06 April 2011

Anna Baloney

Oh, it makes me so mad!
Netrebko as Bolena

Last night, viewers of Arte TV in France and Germany were treated to a live telecast from Vienna’s Staatsoper: Donizetti’s Anna Bolena (Anne Boleyn), the best-known of his Tudor Trilogy that also includes Maria Stuarda (Mary Stuart) and Roberto Devereux (about Elizabeth I and the Earl of Essex).* Vienna’s production, by Eric Génovèse, has created a lot of buzz in Opera World, largely because of its stars, soprano Anna Netrebko (as Anna) and mezzo Elina Garanca (as Jane Seymour, here called Giovanna). Both ladies will kick off the Metropolitan Opera’s 2011–12 season in these roles, but in a different production, this one by David McVicar.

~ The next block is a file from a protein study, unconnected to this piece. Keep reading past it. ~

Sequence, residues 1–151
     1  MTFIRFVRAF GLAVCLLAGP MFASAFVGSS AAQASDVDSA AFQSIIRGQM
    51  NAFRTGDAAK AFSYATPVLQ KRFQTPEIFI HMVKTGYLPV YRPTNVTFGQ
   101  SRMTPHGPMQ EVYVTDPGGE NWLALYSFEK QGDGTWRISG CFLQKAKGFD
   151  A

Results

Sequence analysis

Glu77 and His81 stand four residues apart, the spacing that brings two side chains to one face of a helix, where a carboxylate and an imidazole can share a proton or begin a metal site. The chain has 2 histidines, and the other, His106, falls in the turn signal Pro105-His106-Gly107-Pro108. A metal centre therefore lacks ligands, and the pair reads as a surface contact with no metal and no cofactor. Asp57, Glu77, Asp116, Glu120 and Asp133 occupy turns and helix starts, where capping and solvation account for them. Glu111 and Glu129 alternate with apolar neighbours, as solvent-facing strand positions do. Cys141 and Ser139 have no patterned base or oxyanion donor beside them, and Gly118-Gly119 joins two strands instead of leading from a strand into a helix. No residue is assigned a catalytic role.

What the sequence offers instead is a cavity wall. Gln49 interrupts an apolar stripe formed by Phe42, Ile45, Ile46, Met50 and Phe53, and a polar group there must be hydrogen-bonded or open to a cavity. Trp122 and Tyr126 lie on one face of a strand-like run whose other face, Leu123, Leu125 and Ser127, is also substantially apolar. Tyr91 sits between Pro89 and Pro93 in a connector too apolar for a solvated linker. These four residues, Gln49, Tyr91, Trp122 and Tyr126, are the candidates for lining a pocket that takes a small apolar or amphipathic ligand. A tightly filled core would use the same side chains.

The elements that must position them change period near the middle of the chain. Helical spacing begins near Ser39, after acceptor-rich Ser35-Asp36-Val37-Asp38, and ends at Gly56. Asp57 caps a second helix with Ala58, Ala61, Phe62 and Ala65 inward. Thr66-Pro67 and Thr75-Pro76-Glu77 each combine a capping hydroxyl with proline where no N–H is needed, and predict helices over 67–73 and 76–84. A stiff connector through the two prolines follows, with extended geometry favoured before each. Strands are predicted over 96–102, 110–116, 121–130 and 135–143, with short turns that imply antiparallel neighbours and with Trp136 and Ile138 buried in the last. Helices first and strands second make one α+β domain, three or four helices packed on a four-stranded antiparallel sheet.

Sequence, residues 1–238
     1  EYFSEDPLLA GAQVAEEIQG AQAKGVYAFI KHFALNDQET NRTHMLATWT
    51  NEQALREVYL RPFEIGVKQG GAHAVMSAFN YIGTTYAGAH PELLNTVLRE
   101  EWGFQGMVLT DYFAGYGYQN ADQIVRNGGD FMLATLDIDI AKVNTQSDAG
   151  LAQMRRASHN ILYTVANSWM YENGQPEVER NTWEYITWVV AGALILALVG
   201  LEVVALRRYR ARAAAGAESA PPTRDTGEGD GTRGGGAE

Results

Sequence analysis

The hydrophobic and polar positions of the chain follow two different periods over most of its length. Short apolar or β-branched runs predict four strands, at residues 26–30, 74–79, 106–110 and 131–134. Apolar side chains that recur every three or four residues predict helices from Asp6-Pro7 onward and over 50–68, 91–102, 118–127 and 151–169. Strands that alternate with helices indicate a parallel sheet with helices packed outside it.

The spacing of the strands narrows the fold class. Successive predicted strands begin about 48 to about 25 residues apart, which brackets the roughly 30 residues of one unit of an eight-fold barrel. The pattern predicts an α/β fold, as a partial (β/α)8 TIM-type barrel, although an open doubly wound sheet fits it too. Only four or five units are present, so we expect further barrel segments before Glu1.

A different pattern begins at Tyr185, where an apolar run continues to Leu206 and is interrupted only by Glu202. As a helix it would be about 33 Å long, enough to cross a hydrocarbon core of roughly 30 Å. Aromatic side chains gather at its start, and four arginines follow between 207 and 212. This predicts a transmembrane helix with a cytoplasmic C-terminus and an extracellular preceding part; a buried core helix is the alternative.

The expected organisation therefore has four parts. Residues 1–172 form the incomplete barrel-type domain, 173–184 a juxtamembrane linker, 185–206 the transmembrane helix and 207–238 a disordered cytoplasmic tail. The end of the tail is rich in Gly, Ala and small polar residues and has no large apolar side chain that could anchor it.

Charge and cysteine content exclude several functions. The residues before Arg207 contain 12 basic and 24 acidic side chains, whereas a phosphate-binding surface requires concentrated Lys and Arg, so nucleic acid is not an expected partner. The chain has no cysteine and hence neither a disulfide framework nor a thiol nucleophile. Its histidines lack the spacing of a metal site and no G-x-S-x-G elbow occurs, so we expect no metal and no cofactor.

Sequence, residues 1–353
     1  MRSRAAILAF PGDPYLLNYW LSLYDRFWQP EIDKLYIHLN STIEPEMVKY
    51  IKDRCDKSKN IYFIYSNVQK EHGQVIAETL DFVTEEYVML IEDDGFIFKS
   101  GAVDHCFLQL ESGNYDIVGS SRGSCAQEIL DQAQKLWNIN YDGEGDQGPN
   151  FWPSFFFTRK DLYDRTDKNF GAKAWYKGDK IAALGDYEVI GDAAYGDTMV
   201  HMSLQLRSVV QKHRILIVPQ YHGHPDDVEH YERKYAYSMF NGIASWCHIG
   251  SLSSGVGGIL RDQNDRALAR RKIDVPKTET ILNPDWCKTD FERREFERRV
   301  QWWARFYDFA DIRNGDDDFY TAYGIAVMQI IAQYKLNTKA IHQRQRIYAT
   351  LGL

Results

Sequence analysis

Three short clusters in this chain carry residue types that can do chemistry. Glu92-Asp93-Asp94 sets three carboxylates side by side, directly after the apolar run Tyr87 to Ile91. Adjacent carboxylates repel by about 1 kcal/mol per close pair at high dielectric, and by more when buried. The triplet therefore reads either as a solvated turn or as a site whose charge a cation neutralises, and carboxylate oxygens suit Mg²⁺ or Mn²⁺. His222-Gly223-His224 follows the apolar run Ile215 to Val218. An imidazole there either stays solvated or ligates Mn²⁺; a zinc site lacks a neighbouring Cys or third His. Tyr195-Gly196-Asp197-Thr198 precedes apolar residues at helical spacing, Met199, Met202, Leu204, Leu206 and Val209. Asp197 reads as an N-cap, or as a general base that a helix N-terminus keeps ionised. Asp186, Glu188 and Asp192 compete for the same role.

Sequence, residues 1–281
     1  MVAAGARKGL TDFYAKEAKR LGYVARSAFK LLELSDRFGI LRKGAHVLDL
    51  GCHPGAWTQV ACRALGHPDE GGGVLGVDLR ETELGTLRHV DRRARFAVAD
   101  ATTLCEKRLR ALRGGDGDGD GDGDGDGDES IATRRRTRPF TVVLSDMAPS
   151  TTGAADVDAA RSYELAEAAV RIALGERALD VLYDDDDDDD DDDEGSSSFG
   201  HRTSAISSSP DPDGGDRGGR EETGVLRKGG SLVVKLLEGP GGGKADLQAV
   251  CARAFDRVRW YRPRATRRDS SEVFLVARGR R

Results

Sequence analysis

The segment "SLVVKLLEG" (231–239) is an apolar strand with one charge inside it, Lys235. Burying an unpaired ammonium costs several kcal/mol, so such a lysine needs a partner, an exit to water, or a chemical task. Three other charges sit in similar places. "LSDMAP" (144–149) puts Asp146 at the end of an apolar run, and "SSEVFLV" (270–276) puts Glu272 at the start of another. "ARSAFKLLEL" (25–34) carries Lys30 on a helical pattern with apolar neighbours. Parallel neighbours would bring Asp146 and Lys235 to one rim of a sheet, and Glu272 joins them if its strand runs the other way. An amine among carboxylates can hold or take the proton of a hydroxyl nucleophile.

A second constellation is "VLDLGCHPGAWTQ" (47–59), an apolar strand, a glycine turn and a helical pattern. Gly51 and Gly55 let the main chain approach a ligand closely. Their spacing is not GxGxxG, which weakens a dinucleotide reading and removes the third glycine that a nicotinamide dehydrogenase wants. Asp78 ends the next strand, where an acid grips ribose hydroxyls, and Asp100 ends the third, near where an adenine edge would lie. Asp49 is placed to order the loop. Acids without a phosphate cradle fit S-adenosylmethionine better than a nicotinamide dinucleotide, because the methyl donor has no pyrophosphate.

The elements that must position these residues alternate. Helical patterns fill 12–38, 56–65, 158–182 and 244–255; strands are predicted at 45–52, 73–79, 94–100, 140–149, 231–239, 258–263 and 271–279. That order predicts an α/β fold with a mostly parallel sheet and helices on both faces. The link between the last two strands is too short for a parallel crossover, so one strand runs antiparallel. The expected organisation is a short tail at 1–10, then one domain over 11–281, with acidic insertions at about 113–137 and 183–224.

Which is all to the good. Too much of what Vienna gave us was, in my father’s immortal words, Anna Baloney.

Génovèse’s more-or-less traditional staging is dull (and mono- chromatic!) whenever it’s not incompetent, and while there’s something to be said for standing back and letting your singers fly, that approach didn’t work here. Garanca is a perfectly good actress, but she gave absolutely no indication of grasping Giovanna’s character; moreover, I’m betting that her restrained physicality, which worked on camera, looked merely static to those in the house. And as Henry VIII (Enrico), bass-baritone Ildebrando d’Arcangelo just stood around and scowled. Only Netrebko seemed much inspired by the dramatic material — and really, she didn’t catch fire until the end of the opera.